Here’s a quick little time filler I reach for over and over when I have just a few minutes of class time remaining with grades 2-5. I have even used it as a whole class lesson with 4th and 5th grade a time or two. It is The Kids' Book of Questions by Gregory Stock, Ph.D.
I found this little book of over 200 questions at a book sale several years ago. It generates silly, insightful, and thought provoking comments and discussions from students and is a great way to practice discussion rules too. The first time I opened its' pages and began to read a few random questions, I knew my students would be unable to resist the chance to share their thoughts and opinions!
As I previewed the book, I found a few questions I felt were more appropriate for one-on-one situations rather than a whole class setting (questions about adoption, being touched by an uncle, God and religion). So, I wrote down the numbers of every question I thought was appropriate for the classroom or group setting on small 1 inch by 1 inch squares of paper. I put the squares in a small tub and was ready for class. I allowed the student(s)with the birthday closest to the day I was playing the "Question Game" to choose a number from the tub. The student would read the number chosen and I would read the corresponding question to the class and let the student who chose the question answer first. Hands start shooting up all over the room, others blurt out in excitement, all eager to share their thoughts.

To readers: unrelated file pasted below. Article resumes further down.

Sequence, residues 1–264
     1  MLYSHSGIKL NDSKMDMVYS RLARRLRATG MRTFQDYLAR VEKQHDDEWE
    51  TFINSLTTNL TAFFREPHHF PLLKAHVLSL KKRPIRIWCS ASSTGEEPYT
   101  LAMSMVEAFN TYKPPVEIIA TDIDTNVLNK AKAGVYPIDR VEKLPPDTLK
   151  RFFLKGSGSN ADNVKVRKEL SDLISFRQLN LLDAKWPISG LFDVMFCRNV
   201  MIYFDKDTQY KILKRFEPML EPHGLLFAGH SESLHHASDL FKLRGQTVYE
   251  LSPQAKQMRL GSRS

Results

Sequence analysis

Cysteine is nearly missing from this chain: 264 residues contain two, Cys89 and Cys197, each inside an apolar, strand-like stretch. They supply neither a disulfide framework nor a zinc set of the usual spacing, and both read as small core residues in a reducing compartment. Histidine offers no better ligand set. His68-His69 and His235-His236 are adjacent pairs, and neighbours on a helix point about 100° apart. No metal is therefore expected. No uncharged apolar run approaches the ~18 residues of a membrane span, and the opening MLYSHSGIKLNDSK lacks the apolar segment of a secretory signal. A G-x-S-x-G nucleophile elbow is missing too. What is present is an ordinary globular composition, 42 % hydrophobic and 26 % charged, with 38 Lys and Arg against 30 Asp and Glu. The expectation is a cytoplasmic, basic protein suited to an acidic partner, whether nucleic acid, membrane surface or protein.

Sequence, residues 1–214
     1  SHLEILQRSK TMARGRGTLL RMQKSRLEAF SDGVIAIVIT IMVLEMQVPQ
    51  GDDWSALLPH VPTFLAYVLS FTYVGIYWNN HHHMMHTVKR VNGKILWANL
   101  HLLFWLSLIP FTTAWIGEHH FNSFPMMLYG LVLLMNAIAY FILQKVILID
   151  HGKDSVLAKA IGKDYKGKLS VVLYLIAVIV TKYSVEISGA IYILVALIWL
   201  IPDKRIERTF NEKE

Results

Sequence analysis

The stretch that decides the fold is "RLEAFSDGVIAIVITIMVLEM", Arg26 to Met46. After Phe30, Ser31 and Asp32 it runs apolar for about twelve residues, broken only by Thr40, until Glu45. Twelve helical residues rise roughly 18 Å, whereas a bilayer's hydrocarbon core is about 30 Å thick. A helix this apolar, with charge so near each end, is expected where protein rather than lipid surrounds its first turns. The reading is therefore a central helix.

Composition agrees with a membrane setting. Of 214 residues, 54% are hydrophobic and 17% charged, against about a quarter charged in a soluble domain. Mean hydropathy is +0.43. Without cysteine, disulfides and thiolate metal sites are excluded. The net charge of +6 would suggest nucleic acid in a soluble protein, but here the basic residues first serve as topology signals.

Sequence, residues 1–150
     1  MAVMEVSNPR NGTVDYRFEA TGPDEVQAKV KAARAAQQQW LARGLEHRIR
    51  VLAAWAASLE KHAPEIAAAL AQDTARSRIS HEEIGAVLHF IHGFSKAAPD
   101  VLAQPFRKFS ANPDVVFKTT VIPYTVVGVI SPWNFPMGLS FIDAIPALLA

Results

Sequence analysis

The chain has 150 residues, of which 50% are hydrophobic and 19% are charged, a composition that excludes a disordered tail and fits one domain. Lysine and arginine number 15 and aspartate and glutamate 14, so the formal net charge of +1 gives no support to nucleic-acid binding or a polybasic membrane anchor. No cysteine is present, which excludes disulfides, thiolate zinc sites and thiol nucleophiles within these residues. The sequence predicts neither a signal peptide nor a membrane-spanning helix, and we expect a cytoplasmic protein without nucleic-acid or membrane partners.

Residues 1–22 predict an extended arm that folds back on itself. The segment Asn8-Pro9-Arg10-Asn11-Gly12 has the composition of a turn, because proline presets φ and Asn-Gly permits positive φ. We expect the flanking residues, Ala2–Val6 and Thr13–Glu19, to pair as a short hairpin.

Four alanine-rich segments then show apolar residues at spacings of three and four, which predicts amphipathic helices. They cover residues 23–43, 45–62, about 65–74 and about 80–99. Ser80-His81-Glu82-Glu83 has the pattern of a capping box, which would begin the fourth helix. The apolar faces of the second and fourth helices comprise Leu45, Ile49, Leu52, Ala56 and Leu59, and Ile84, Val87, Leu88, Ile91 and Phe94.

Sample questions include:
"Would you rather have a strict teacher who was fair and taught you a lot or one who was relaxed and fun and didn't teach you very much?"
"When you make a mistake do you make up excuses? If so, do you think people believe you?"
"If you woke up tomorrow and by magic were already grown-up and had kids of your own, how would you treat them differently than your parents treat you?"
"If you were to be granted any one magical power you wanted, what would you pick?"
"When did you get yourself in the biggest mess by telling a lie? What do you think would have happened if you just told the truth?"
"Make believe right now you have to pick the job you will have as an adult. What is the best job you can think of? What is the worst?"
"Have you ever farted and blamed someone else?"
As you can see there are questions of every type from serious to silly to questions involving values and ideas about the future. Students love the "Question Game" and you will love the way it gets them thinking and talking and sharing!